The church then had peace throughout Judea, Galilee, and Samaria, and
it became stronger as the believers lived in the fear of the Lord. And
with the encouragement of the Holy Spirit, it also grew in numbers. —
I can think of few examples of resilience as incredible as the
first-century church. Consider the circumstances in which that body of
believers existed. Leaders and preachers were imprisoned daily. Members
were threatened with violence or worse. Stephen’s martyrdom remained
a fresh memory. Paul had barely escaped with his life from the hostile
Jews. A blood bath was inevitable.
Yet the church throughout the land “had peace” and “grew
in numbers.” How?
Four characteristics of resilience marked those first-century believers.
They were steadfast, immovable, abounding, and confident (1 Corinthians
15:58, NASB). These same qualities are essential for any dynamic
ministry—like four pistons in a smoothly running engine. Look how
powerfully they progressed in the early church!
No matter how often those followers of Jesus were ordered “never
again to speak in the name of Jesus” (Acts 5:40), they
fearlessly stayed at it. Steadfast.
Regardless of threats, floggings, and other insidious methods of
persecution, the believers remained pockets of peace and places of refuge. Immovable.
Just imagine how infectious their enthusiasm must have been . . . how
genuinely joyful! Abounding.
Against all odds, they flourished. They could have shriveled into a camp of
bitter, negative, and frightened people of rigid intensity. Instead, they
remained winsome. Confident.
There’s more! The resilience of the early believers combined with a
kind of charm that made the church irresistible. People couldn’t stay
away! Stern moralistic scowls have never attracted people to follow Jesus.
It’s the charm of a consistent life of love that draws people.
Reinhold Niebuhr’s insight on this point rings just as true today as
the day he penned it in his notebook:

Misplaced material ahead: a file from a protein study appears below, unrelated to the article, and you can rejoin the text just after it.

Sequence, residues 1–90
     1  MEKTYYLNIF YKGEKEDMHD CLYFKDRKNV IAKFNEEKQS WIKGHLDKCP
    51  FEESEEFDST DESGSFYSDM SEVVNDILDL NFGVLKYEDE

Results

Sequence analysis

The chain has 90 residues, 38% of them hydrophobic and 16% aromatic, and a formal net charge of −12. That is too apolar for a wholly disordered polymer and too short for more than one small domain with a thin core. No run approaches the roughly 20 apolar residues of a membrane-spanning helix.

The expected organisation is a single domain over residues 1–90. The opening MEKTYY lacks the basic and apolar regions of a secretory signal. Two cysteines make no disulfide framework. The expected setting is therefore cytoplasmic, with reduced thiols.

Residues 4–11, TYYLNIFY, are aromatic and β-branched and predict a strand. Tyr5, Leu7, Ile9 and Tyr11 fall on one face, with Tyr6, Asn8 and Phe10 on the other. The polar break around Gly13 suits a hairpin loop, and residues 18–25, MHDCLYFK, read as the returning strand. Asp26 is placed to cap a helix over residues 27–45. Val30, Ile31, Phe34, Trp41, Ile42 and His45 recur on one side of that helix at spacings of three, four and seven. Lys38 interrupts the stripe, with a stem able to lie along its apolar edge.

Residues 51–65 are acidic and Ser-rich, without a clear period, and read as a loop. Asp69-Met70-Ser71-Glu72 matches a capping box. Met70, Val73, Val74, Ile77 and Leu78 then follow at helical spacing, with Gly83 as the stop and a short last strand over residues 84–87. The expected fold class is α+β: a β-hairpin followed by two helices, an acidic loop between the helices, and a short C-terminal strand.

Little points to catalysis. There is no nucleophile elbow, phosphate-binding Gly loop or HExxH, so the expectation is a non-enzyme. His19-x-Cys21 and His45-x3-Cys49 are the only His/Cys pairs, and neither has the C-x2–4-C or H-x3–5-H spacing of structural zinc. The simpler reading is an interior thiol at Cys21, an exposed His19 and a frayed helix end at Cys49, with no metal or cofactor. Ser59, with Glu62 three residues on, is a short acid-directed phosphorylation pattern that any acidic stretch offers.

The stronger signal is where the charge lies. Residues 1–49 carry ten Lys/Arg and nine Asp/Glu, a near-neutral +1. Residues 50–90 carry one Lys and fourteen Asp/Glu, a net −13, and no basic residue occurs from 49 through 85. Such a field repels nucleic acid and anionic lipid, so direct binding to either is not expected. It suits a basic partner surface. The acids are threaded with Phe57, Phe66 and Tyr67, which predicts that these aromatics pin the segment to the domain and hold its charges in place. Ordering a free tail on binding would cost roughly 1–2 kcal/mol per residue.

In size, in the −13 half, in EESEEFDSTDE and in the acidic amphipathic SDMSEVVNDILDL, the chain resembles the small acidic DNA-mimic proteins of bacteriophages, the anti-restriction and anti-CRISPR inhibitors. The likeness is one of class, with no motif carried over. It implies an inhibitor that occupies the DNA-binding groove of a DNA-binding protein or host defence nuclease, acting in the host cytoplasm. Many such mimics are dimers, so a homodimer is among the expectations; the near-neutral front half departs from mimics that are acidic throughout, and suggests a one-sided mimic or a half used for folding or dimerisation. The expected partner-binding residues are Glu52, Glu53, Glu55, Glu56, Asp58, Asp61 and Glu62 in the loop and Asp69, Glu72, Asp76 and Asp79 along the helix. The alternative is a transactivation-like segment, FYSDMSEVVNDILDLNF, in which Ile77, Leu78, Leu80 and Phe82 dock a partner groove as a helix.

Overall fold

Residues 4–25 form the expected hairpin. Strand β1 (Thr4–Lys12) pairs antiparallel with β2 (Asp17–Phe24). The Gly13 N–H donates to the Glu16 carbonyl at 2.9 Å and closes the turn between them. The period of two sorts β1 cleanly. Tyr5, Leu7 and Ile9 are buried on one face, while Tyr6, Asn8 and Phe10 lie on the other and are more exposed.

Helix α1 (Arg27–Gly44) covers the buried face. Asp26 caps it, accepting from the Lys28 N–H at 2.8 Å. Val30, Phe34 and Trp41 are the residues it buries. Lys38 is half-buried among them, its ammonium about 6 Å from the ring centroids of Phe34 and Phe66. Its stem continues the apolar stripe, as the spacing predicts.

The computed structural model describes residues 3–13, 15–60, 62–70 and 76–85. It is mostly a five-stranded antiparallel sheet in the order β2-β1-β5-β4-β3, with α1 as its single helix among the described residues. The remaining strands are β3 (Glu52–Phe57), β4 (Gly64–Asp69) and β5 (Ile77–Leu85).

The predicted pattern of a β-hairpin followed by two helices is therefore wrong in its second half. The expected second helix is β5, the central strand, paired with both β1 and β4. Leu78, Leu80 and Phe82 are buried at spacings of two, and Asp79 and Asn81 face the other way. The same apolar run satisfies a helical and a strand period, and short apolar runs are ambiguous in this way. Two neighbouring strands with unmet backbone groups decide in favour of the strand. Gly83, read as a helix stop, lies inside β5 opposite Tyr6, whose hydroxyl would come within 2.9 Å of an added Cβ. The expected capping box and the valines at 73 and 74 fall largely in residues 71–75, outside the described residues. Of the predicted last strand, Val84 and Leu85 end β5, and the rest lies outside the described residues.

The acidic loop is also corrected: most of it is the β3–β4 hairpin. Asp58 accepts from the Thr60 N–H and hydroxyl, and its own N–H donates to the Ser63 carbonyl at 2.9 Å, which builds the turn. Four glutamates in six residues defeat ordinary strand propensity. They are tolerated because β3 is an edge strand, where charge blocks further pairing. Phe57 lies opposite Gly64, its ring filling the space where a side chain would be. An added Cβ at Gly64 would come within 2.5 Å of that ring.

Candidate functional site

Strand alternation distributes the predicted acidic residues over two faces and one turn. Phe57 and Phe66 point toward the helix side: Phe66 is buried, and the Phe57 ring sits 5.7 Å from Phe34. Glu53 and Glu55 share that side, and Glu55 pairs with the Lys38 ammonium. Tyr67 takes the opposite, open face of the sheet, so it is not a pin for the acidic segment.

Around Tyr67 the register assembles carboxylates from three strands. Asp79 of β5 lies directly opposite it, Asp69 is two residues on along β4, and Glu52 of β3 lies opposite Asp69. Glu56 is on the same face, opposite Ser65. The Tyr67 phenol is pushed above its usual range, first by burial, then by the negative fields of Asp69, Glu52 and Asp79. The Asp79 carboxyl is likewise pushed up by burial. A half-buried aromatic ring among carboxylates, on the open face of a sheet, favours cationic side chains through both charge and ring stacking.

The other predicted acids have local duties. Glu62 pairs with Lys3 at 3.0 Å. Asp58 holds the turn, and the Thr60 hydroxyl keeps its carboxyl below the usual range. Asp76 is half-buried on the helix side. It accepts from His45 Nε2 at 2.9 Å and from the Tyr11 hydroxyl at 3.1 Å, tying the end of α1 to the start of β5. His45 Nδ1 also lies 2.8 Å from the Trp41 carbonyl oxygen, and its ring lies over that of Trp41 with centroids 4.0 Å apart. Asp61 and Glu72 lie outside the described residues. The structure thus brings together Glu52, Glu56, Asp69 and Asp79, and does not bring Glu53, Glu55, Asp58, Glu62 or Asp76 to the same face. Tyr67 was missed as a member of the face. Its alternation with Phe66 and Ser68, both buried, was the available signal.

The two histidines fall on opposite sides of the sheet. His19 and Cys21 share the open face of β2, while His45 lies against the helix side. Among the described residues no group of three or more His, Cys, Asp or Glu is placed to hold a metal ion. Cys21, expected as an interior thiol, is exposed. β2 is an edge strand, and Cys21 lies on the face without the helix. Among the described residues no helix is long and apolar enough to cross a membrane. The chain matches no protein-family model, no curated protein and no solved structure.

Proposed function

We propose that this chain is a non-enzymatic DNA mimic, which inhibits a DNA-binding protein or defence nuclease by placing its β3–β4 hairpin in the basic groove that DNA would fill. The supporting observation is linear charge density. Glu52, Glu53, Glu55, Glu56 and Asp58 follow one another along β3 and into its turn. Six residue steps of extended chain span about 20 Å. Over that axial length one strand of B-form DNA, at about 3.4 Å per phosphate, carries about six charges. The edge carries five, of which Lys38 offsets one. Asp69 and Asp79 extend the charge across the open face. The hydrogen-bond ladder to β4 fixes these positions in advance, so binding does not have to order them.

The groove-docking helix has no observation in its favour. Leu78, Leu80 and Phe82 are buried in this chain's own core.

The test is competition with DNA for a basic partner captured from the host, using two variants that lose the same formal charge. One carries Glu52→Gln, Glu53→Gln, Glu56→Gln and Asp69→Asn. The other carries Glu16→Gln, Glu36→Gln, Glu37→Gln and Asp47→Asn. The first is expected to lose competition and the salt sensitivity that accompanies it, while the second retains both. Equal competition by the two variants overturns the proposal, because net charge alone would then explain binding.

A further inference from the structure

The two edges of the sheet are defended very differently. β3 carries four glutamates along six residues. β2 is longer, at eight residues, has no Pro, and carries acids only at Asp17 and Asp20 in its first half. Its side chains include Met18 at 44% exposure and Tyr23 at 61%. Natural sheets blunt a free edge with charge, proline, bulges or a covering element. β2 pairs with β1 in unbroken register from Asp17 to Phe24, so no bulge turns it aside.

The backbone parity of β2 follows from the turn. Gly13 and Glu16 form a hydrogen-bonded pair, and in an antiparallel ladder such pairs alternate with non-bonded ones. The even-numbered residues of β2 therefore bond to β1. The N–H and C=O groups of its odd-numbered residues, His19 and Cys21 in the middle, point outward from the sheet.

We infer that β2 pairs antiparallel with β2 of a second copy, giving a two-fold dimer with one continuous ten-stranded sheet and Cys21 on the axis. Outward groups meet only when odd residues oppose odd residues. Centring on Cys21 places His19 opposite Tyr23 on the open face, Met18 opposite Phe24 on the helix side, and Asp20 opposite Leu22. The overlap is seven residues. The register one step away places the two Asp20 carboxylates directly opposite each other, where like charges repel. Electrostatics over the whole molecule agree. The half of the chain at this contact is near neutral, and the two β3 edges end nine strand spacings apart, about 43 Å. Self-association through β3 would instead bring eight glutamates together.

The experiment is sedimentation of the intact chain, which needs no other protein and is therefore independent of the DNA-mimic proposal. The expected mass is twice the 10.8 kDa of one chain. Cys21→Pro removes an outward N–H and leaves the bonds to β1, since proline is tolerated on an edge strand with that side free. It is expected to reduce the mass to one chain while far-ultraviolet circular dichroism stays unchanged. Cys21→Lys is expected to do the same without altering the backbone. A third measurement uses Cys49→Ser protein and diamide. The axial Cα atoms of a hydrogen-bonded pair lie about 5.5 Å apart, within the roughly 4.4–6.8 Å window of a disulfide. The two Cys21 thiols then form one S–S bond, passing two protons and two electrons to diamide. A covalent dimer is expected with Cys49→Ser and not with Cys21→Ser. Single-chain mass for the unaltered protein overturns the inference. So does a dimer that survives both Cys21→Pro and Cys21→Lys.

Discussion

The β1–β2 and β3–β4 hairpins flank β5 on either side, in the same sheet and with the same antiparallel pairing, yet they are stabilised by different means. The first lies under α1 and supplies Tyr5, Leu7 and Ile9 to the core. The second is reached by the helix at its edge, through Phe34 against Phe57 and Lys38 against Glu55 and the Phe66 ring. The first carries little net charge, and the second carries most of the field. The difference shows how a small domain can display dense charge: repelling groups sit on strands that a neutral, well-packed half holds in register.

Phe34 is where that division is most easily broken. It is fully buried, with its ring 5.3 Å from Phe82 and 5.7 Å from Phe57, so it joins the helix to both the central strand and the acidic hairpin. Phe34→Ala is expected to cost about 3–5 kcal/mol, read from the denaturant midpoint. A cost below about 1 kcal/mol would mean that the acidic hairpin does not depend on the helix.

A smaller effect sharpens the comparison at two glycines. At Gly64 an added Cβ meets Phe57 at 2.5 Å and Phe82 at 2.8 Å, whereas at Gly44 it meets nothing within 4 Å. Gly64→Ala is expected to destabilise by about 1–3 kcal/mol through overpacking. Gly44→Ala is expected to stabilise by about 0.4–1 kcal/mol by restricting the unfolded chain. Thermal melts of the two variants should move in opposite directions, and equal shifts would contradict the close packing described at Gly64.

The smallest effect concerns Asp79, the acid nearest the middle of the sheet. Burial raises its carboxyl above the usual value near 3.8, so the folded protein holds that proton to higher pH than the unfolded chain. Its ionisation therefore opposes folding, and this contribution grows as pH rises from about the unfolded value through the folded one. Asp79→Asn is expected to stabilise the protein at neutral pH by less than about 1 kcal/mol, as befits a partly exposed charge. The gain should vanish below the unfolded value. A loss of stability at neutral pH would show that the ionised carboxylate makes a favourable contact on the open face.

You may be able to compel people to maintain certain minimum standards
by stressing duty, but the highest moral and spiritual achievements
depend not upon a push but a pull. People must be charmed into
How long before today’s church will learn this! What will it take to
bring back the charm . . . that marvelous grace which draws righteousness
out of us like a massive magnet?
Somehow, despite all odds, the early saints maintained such a loving
atmosphere, such an authentic appeal of positive acceptance, that no amount
of pressure from without disturbed the peace within. Consequently, people
flocked to the church with their hearts in their hands. The early church
community was a place to be yourself . . . to share your grief . . . to ask
your questions . . . to admit your needs . . . to shed your tears.
I must ask: Is your church that kind of place?
Too many churches have forfeited their charm and become places of shame,
not grace. Let’s put an end to that! Let’s work together to
spread a welcoming tablecloth of God’s grace across the globe that
covers every person’s clay feet. At Insight for Living Ministries,
that’s exactly what Vision 195 is all
about. In fact, it’s written right into the mission statement:
“We plan to broaden our borders with the message of God’s
majesty, the authenticity of His Word, and the power of the cross, woven
into a tapestry of God’s amazing grace, in all 195 countries of our
Just imagine! Someday, a historian, looking back on our times might write,
in the vein of Acts 9:31: “The church then had peace
throughout all 195 countries of the world, and it became stronger as the
believers lived in the fear of the Lord. And with the encouragement of the
Holy Spirit, it also grew in numbers.”
Wouldn’t that be wonderful? It’s not a far-fetched dream. It
was reality for those first-century disciples, and it can be reality for us
today and for our children and grandchildren tomorrow! But for that entry
to find its way into tomorrow’s history books, we—Christians
who comprise God’s church—must have two all-pervasive
ingredients: resilience and charm.
I must ask: Are you that kind of Christian?